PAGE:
Just A Little Easier, Please – Networks

The Linux desktop has progressed quite a bit in recent years. Ubuntu, out of the box, mainly just worked. I was able to quickly set up a nice desktop for my girlfriend using it. It was really nice to see the little things all fit together. For example, when we took a pic with her new camera and plugged it into the USB port, a dialog popped up asking us if we want to import the pictures. Now obviously, I expected that, and it’s not like that was invented in Linux, but it’s one of those nice touches that just makes life a little bit easier. Still, there is so much room for improvement.

I’ve been trying to think about what specifically I find annoying in day to day usage of Linux. I think my biggest gripe right now is how much of a pain it is just to move my laptop from network to network. I have five networks I tend to use. The first is my home network through my wireless router. The second is also the home network, but wired, through another router. The third is the network at work. The fourth is the wireless network back at my parents’ house, and the fifth is the wireless network at my grandparents’ house, which is next to my parents’ house.

Now, I don’t visit my parents that often, and I don’t connect to the wired portion of my network often either. However, I do switch twice a day between the wireless network at home and the wired network at work. And every time I do, I have to switch network interfaces, re-enable/disable the proxy servers, and change my Gaim account configurations (port numbers for going through the proxies, accounts I wish to auto-login, proxy settings, etc.). It’s just enough of a chore where I think to myself, “Ugh, must do this again.”

When I plug in a Windows computer into a wired network, a little bubble pops up saying that the Ethernet is connected, and it (usually) tries to configure my network settings. It doesn’t always work right, but hey, it’s an effort. It would be nice if we had such a thing in Linux. Maybe we do and I just don’t know about it, but if that’s the case, then we need an easier way for users to discover it and to configure it. Basically, when I plug in a network cable, I want my wifi connection to go down, my wired connection to go up, and a DHCP server to be scanned for. Now the wired-only portion of my network at home doesn’t use DHCP (yet), so it’d be nice for some kind of auto-discovery magic to happen, but really I should be using DHCP here anyway.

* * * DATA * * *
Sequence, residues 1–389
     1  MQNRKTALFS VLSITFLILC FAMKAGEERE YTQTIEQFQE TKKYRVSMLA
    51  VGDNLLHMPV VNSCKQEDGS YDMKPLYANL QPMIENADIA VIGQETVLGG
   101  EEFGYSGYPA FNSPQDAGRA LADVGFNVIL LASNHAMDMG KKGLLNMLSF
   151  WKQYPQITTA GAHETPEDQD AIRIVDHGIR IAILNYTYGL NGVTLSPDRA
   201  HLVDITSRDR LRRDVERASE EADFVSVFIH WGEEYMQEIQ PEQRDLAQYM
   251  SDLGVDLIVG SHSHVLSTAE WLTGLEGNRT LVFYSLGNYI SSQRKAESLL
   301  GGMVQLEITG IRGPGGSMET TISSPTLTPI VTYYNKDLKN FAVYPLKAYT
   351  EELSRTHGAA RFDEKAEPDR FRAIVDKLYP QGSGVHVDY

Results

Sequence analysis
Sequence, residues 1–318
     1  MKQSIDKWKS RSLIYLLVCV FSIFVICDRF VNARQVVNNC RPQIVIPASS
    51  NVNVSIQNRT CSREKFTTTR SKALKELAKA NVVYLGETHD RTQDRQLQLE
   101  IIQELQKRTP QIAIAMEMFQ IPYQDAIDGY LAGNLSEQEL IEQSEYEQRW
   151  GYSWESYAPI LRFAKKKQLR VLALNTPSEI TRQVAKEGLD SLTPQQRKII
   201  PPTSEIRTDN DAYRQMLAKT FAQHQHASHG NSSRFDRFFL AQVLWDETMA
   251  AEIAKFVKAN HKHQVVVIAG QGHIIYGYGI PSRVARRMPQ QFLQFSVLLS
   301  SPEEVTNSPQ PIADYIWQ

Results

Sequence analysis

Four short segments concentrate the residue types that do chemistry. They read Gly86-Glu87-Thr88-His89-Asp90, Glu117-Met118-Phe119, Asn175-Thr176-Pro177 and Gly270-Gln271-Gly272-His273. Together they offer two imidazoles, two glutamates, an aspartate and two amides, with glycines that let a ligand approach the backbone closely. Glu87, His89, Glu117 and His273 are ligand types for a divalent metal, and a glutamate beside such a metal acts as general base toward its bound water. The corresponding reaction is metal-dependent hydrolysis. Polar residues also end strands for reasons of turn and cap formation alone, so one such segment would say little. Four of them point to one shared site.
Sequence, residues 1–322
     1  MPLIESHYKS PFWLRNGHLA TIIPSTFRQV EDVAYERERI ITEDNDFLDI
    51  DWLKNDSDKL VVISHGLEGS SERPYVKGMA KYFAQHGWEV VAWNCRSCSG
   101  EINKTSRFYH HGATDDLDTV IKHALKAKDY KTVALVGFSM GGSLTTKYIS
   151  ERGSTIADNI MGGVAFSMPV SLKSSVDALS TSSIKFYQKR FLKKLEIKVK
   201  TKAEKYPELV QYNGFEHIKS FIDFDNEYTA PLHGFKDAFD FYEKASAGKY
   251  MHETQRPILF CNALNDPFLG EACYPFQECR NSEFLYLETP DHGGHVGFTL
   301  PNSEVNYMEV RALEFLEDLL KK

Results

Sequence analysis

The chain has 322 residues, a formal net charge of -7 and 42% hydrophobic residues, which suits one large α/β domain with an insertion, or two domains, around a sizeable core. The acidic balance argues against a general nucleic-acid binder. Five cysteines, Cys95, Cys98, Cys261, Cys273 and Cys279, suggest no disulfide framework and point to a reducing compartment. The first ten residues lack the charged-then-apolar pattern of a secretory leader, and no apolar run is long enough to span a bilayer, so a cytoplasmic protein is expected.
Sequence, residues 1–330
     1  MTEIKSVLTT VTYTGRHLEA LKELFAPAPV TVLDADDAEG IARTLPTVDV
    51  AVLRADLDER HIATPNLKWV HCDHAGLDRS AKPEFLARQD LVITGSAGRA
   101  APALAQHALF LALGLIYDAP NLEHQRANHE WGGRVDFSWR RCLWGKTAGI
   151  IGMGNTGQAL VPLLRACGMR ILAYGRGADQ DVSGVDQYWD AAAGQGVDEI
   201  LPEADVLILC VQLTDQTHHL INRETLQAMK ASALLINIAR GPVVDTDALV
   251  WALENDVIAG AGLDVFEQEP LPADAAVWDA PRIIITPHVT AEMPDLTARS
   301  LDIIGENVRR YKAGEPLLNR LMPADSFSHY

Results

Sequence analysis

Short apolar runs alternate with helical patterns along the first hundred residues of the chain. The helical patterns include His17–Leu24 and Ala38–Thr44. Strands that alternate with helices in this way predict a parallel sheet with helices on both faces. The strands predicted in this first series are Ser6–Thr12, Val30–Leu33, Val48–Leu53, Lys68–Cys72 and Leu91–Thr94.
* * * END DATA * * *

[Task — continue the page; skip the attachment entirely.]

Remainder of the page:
The little network selector in my panel is a nice start, really. It’s been buggy here, but it mostly works. However, it’d be much nicer if I could also configure proxy servers for each interface and network. Not tied to that applet, mind you. It would have to be a layer below it somewhere. When I change networks on the command line, the same magic should happen.

The Gaim auto-reconfiguration could happen via a Gaim plugin, which I’m very tempted to write. I don’t know what the easiest way would be to determine when a network changes on an interface, and when interfaces change. Perhaps some kind of D-BUS layer somewhere could intelligently broadcast this information in an easy-to-use form.

I don’t imagine a lot of this would be difficult to develop, and it’s largely a matter of putting the small pieces together (once written). It would certainly make this one aspect of my daily usage a lot easier. I’m sure I’m not the only one frustrated by this. I don’t know if there is work going on in this area or not, but hopefully someone will get the motivation to hack on a piece or two.

21 thoughts on “Just A Little Easier, Please – Networks

  1. Sounds a lot like NetworkManager to me too – especially the DBUS part. It’s gonna be a very usefull project for laptops and desktops too.
    Anyone knows how to get it to work with gentoo though?

  2. I’m not sure if you’ve looked at how OS X handles this problem, but briefly: You can define various `locations’, which are basically just named network profiles. You can configure settings for each device for each location — whether to use DHCP, if not, what IP address to use, etc. So, in your case, you might want wired ethernet disabled altogether in your home wireless configuration. On top of that, the profile includes settings for proxies and DNS services, amongst other things. It’s all integrated nicely and transparently with the UNIX backend. As soon as you change profiles, /etc/resolv.conf automatically updates.